Exhaustion. I could say the word a thousand times and never get to the depth of how it felt in those first years, when I would wake up to find my body on the floor, student papers scattered around me, a child suckling on my breast, my eyes stinging, my inner self cold and fairly dead. Not moments of grace—no, moments that make you wonder whether love can even live.

When she was young, my daughter would say, "Actually, Mama, you actually smell like twinkle-twinkle little star," and I would say, "Thank you" and "You sure like the word 'actually.' " And she would say, "Actually, I do, Mama." Jake, listening to us, would say, "Everyone's starshine should shine pretty bright." And Eliana would say, "Actually, you're pretty right about that one."

When my children were four and two, we moved to the foothills of the Rocky Mountains, and these two children would take many walks with me down the county road near my house. Always, we would stop at the cattails. I'd pick them each a stalk, and they'd let out the fluff as we went, or they'd use the stalks as swords or drag them along the dirt road to make designs.

But Jake was interested in the ladybugs, and like any observant human he knew by then that ladybugs could be found near sunflowers, and so he would search the tissue-thin, yellow petals until he found one for his sister and one for himself. Then they had cattails and ladybugs to carry with us, and then rocks and stalks of grass and a caterpillar.

I remember: a blond boy running ahead, fast and sure of himself; a curly headed girl toddling after him in that ridiculous way children run when they're still wearing diapers and have puffy material between their legs.

"Oh!" I said, feeling for the first time the sensation of not-exhausted love rushing up my throat—pure physical sensation. A pure moment of love-grace, the kind where time stands still and the world shimmers.

When I do die—in that fraction of time before my brain shuts down, before my body cools—I know that my children's faces will be the last image I'll conjure to my mind. I've practiced it many times. I tell my childless friends that part, too.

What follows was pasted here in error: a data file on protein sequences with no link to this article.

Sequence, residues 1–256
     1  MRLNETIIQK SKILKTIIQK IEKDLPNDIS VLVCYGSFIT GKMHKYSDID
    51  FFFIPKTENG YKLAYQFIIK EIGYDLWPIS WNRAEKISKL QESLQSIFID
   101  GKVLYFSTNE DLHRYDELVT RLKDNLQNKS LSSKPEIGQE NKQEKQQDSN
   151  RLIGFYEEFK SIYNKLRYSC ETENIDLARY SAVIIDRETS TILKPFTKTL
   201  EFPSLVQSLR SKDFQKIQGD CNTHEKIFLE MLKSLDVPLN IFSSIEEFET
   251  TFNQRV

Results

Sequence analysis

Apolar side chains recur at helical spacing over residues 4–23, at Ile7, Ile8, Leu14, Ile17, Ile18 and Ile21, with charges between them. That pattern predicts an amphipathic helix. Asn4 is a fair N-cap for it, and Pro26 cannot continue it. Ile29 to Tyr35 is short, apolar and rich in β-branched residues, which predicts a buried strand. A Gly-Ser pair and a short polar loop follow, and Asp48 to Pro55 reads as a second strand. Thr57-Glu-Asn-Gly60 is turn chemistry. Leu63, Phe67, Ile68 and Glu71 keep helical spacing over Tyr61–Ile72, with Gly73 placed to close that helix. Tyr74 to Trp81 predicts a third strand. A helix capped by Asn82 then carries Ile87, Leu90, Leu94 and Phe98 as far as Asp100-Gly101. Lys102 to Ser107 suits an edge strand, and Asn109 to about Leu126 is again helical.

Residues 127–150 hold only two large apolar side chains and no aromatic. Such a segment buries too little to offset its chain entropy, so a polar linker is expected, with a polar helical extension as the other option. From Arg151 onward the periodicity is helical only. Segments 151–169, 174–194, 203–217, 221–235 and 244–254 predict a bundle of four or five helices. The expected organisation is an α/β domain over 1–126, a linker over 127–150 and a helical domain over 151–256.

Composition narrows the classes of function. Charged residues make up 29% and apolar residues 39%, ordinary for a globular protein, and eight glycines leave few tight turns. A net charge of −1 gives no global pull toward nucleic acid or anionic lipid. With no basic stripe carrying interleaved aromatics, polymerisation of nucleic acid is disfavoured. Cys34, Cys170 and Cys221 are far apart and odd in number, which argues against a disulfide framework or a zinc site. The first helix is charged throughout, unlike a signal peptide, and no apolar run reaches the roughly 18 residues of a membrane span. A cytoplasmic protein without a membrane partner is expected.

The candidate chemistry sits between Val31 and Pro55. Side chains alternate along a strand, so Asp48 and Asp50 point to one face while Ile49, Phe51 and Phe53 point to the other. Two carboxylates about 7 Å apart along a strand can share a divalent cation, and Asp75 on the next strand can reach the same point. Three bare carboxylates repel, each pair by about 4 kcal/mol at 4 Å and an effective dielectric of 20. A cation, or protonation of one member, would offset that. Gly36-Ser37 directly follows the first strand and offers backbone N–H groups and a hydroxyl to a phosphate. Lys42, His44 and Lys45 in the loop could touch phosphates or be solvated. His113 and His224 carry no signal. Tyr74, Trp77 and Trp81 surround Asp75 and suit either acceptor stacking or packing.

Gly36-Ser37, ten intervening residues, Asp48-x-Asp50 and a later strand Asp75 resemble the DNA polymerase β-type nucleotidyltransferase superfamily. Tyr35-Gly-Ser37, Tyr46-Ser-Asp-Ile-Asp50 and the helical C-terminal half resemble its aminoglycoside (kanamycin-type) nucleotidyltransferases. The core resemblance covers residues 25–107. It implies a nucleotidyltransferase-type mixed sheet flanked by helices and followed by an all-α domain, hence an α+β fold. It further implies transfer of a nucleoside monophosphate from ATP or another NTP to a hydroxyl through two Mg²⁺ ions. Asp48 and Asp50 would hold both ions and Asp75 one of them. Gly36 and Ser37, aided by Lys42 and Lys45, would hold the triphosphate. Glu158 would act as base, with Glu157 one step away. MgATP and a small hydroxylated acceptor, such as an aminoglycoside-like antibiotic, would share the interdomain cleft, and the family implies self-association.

Once, Jake knocked me in the eye with his elbow, giving me a black eye that didn't heal for months. Once, Ellie stuck her finger up my nose and scraped her fingernail on the inside lining—blood gushed over the both of us and would not stop. But the wounds were, of course, deeper than that.

"Jake," I tell my son every once in a while, "you were my first teacher. You toughened me up."

"Eliana," I say, "you were my second. You both have been my best teachers."

I do not say: Sometimes it feels like you nearly killed me, but then you brought me back as a different creature, and look at us now, at this particular moment, both of you asleep upstairs as I write. We are at an interesting and beautiful time in our lives, marked mainly by the fact that we are about as honest and loving and tender as humans can probably get with one another, and that is so rare and lucky that I think this moment might become embedded in my very cells.

Tonight, before Eliana fell asleep, she said, "Mama, you can quit thanking me for the coffee and banana now."

Can I? Actually, I don't think I can. So instead I will sit down, tired as I am, to write a few notes to you—old-fashioned love letters.

Laura Pritchett is a 5280 contributing editor and the author or editor of five books. She lives in northern Colorado with her husband and two children. E-mail her at [email protected]